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Type I interferons have been suspected for decades to have a crucial role in the pathogenesis of systemic lupus erythematosus (SLE). Evidence has now overturned several long-held assumptions about how type I interferons are regulated and cause pathological conditions, providing a new view of SLE pathogenesis that resolves longstanding clinical dilemmas. This evidence includes data on interferons in relation to genetic predisposition and epigenetic regulation. Importantly, data are now available on the role of interferons in the early phases of the disease and the importance of non-haematopoietic cellular sources of type I interferons, such as keratinocytes, renal tubular cells, glial cells and synovial stromal cells, as well as local responses to type I interferons within these tissues. These local effects are found not only in inflamed target organs in established SLE, but also in histologically normal skin during asymptomatic preclinical phases, suggesting a role in disease initiation. In terms of clinical application, evidence relating to biomarkers to characterize the type I interferon system is complex, and, notably, interferon-blocking therapies are now licensed for the treatment of SLE. Collectively, the available data enable us to propose a model of disease pathogenesis that invokes the unique value of interferon-targeted therapies. Accordingly, future approaches in SLE involving disease reclassification and preventative strategies in preclinical phases should be investigated. © 2022. Springer Nature Limited.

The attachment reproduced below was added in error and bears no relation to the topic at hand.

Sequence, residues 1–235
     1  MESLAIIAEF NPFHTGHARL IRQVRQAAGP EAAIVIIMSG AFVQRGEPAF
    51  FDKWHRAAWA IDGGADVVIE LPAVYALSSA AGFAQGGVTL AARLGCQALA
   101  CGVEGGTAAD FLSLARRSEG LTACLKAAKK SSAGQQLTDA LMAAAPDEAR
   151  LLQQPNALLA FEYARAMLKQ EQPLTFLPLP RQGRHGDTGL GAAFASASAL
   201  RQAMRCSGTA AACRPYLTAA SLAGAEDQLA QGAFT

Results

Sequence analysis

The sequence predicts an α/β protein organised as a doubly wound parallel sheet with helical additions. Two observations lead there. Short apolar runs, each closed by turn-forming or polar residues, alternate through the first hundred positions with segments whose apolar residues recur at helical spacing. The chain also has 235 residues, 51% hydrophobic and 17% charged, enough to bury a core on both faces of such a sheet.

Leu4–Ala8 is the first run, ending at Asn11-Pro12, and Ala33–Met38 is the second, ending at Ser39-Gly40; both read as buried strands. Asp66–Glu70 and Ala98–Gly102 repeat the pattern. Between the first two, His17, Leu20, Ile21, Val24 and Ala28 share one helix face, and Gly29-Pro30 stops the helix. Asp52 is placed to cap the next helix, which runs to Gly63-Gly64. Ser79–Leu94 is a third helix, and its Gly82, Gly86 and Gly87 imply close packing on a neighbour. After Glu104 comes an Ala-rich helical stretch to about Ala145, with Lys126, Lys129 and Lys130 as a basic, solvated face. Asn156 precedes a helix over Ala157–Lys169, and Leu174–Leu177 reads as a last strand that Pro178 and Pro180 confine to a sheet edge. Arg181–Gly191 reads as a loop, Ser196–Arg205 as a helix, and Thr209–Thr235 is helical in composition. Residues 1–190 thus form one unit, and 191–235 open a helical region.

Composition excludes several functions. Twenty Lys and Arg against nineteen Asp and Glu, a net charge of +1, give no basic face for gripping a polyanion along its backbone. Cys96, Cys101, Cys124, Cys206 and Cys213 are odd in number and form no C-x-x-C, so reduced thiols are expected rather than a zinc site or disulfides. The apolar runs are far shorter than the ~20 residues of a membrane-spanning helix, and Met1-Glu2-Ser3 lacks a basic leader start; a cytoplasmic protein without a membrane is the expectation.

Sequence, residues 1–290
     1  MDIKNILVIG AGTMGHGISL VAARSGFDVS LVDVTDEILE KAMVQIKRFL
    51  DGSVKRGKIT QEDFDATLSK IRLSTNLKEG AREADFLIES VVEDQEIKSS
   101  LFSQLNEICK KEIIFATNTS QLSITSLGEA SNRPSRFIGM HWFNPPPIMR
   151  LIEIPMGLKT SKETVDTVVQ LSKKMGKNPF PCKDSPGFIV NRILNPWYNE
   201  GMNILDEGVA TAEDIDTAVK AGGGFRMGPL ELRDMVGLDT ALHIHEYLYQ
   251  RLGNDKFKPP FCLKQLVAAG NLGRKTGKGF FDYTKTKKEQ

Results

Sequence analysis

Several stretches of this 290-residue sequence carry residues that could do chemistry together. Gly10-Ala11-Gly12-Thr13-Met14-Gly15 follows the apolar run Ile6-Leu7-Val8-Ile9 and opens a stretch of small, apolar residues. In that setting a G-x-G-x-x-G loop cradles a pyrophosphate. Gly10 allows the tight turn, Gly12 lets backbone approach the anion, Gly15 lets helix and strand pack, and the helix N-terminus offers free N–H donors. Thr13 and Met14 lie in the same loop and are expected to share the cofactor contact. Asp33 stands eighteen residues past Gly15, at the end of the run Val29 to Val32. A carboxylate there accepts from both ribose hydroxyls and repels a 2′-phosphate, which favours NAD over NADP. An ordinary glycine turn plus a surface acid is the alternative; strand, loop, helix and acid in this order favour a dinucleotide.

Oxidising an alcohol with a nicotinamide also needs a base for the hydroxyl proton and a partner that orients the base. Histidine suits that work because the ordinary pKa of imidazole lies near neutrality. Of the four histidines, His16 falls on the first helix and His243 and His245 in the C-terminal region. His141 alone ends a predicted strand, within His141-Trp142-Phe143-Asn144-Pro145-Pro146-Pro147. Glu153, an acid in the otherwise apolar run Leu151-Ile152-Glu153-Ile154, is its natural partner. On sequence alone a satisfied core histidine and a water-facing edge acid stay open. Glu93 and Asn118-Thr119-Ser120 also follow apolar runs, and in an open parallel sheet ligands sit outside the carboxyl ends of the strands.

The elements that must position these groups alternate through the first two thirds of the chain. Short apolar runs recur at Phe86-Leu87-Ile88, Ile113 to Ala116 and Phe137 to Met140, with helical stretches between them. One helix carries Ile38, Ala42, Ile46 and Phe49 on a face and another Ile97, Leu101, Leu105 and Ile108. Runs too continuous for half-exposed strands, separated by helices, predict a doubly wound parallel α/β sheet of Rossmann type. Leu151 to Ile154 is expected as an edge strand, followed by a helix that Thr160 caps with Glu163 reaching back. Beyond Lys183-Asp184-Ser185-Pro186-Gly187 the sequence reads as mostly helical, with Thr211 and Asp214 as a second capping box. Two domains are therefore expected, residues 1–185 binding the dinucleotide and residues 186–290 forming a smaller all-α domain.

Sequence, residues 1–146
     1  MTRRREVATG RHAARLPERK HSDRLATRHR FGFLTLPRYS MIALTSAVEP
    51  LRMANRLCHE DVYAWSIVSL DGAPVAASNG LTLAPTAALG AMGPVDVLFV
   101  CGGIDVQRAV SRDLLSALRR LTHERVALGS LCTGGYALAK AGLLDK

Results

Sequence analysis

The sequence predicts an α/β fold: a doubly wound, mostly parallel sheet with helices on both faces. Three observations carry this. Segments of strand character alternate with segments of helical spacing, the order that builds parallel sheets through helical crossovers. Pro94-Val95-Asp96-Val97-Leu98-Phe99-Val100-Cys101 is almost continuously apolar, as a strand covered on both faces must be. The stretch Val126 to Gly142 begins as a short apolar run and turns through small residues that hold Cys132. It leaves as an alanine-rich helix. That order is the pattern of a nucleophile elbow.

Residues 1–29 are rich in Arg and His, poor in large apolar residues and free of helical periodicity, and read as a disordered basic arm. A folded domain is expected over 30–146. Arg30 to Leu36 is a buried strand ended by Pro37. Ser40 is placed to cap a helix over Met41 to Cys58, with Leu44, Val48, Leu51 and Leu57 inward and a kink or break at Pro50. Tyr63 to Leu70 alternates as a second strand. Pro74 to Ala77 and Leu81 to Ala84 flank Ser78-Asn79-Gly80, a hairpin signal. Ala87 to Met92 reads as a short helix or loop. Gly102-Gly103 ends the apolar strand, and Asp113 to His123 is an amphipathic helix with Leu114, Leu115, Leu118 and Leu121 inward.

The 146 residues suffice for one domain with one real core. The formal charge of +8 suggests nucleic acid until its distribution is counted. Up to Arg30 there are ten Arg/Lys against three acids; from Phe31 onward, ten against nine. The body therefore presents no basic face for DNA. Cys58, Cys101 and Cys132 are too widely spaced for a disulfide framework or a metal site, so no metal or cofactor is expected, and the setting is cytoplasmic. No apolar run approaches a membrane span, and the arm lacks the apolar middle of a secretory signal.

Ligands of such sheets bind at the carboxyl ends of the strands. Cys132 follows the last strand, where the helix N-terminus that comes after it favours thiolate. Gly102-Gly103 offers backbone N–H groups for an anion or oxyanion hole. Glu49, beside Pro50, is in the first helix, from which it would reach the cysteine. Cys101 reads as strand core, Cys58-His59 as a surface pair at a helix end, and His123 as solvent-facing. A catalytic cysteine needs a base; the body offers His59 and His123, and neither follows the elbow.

Antonios Psarras, Miriam Wittmann, Edward M Vital. Emerging concepts of type I interferons in SLE pathogenesis and therapy. Nature reviews. Rheumatology. 2022 Oct;18(10):575-590

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PMID: 36097207

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